• Nelson Strasser says

      First, I would say, it depends. I am 73 and, for me, comfort trumps speed. So, I commute on my hardtail with a backpack. I sold my road bike and my car. Again, live in Phoenix. It does not rain that often, but, I have rain clothes and I wear my waterproof boots. I have switched back to standard pedals. Also, feel flats are too much of a burden, so I use tubeless tires. I have gone three thousand miles without a flat. I do not use slicks, because I sometimes use my mountain bike for the trails. When possible, which is almost all of the time, I riide on the sidewalk for safety sake. I wear a yellow windbreaker and keep a flashing front and rear light on even in daylight. I want to give myself every chance to be seen. Riding on the sidewalk is bumpy, so I am thinking of a seat post shock. Considering my age, my commute, my safety, and my aesthetics, this is ideal for me, but i don’t claim it to be categorically the best method of commuting.

  2. This is great advice indeed. As an added bonus, if your frame is a completely rigid frame, you might be able to upgrade it further and outfit it as a solid commuter/tourer bike with drop bars even. That’s what I’ve done. The Trek 830 I tricked out replaces a stolen Surly LHT I used to have. That said, the bike fits like a glove. The slick 2″ rubber rolls fast and smooth, and the bike can go just about anywhere. The geometry on a lot of early 1990s rigid MTBs is actually not that different from modern touring bikes with 26″ wheels. And I was able to pick up my bike, (which came as just frame, fork, and headset) for $50 on Craigslist.

    I thought my commuter/tourer MTB conversion would just tide me over until I could get another Surly. Now, 1.5 years and 4000+ miles later, I think I will probably keep this bike as long as I can.

    • My first commuter was similarly humble – a department store Schwinn hybrid. Within a year or so all that was left from the original bike was the frame, seatpost, headset, and bottom bracket. Everything else either fell apart within 3000 miles or was so crappy I had to replace and upgrade.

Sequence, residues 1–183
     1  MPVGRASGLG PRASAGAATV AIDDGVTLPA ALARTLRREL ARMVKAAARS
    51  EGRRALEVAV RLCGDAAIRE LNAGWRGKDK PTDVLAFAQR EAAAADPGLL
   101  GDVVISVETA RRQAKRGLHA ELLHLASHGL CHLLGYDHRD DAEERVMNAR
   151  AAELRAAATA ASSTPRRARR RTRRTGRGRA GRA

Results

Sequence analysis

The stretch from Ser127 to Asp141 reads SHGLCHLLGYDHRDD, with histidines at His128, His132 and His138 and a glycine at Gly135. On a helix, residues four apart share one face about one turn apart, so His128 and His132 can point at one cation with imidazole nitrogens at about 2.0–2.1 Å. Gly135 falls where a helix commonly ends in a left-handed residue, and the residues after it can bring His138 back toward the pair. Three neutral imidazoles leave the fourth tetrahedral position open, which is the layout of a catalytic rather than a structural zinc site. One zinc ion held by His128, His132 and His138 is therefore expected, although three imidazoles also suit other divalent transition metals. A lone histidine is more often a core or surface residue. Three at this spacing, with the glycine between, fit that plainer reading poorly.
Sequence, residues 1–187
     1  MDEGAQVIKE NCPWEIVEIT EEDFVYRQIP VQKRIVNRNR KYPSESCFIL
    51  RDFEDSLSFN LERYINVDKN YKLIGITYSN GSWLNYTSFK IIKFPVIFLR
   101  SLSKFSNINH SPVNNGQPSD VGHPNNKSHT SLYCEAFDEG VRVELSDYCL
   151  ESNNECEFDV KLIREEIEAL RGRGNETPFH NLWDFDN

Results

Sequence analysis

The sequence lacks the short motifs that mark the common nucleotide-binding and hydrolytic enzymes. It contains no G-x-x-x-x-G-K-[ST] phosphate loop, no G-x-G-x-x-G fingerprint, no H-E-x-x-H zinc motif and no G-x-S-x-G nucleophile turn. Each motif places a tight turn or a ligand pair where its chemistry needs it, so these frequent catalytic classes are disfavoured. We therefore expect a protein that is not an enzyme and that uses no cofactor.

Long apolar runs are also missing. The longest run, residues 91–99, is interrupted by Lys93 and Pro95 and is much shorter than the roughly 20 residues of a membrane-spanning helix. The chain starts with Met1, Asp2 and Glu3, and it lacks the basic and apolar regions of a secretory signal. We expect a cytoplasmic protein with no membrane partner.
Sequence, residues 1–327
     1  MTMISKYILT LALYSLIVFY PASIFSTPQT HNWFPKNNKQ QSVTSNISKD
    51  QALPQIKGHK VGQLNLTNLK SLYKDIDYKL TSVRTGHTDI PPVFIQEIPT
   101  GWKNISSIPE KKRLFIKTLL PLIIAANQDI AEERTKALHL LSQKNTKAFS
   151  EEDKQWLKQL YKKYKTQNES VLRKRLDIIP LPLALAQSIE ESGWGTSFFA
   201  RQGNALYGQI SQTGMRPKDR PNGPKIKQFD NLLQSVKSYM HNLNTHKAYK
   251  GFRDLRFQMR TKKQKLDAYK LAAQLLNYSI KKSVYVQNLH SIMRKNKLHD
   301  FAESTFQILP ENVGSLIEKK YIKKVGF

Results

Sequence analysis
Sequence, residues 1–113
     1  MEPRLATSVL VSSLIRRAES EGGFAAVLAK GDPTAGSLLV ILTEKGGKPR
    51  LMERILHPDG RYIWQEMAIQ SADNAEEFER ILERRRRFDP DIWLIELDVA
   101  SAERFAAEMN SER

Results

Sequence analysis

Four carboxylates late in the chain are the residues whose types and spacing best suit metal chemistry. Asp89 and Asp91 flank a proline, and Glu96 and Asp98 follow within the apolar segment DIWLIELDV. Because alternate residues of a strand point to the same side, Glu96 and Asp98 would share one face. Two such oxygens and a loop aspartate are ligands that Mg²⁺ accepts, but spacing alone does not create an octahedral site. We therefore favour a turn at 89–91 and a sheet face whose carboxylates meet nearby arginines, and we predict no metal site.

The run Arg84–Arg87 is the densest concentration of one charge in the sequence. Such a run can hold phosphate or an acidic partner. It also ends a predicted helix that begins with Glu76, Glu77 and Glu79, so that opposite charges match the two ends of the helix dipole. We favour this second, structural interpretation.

BTW, love the butterfly bars. I have special place in my heart for them, and had them on all of my bikes (Schwinn, Surly, and now converted Trek MTB) at one point or another. I still have the bars around in case I ever get around to putting together an Xtracycle cargo/kid carrier bike and want a different riding posture than I have come to prefer on my current do everything bike with drop bars.

  3. Asher Taylor says

    Great write-up!

    I’d just like to add that for folks with 29ers that they’d like to use as commuters, the array of commute-friendly tires is enormous. The 29″ rim size is equivalent to 700c, so anything in that class that’s wide enough to fit your rims is fair game. Right now, my MTB/commuter runs a pair of 700×32 Specialized Armadillo tires that came with my Tricross (which is running roadie 700x23s in Randonneur mode at the moment :D).

    I kind of hated the Armadillos on the Tricross, but on the MTB (a GT Karakoram), they do quite nicely as rubber for the commute.

    • Asher Taylor says

      Oops, they’re actually Specialized Borough Armadillo Elites. So slightly different than the standard Armadillo, but the rest remains the same.

  4. Great article. I have just done this for a client, but i have gone a bit further. Many people find the forward leaning position of a MTB uncomfortable. I fitted a cruiser bike handle bar and handle bar shaft with a closer clasp. WIll send you a pictrures. New steel black painteed cruiser nadle bars are availabel at about 5 euros.

    Kindest Regards

    Dawid Botha
    South Africa